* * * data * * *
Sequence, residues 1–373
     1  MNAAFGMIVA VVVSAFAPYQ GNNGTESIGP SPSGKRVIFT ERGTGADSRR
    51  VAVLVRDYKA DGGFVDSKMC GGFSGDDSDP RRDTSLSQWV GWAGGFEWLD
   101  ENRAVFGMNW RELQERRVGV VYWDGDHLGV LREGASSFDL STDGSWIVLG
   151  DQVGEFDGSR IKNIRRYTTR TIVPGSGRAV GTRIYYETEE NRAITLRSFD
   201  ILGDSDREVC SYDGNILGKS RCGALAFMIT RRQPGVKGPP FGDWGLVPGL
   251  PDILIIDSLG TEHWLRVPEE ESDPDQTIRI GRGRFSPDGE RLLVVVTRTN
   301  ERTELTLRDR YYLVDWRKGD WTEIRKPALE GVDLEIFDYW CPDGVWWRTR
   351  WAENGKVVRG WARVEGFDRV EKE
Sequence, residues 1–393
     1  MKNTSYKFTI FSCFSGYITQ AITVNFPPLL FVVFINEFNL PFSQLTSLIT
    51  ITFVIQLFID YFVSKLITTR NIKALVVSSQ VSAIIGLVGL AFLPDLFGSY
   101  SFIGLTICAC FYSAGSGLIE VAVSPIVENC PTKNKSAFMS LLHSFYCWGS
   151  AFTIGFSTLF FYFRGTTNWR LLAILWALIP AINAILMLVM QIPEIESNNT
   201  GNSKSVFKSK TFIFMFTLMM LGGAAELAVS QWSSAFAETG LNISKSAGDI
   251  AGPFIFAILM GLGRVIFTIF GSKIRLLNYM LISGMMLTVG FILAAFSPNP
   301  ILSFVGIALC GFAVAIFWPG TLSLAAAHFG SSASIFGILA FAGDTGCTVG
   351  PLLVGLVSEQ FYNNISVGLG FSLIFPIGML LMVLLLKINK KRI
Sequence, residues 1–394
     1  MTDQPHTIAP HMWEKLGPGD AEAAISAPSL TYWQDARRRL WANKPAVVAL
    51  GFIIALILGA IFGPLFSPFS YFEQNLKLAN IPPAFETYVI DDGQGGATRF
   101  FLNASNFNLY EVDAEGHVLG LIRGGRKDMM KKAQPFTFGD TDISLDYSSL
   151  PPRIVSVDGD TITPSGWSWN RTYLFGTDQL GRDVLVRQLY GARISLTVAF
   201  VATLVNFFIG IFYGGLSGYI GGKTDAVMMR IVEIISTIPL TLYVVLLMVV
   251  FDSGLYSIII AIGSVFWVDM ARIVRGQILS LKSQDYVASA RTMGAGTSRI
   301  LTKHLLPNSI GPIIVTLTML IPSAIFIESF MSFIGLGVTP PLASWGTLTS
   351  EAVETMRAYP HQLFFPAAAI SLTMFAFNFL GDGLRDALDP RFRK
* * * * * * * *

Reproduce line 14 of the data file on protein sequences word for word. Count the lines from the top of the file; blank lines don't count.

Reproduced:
   151  AFTIGFSTLF FYFRGTTNWR LLAILWALIP AINAILMLVM QIPEIESNNT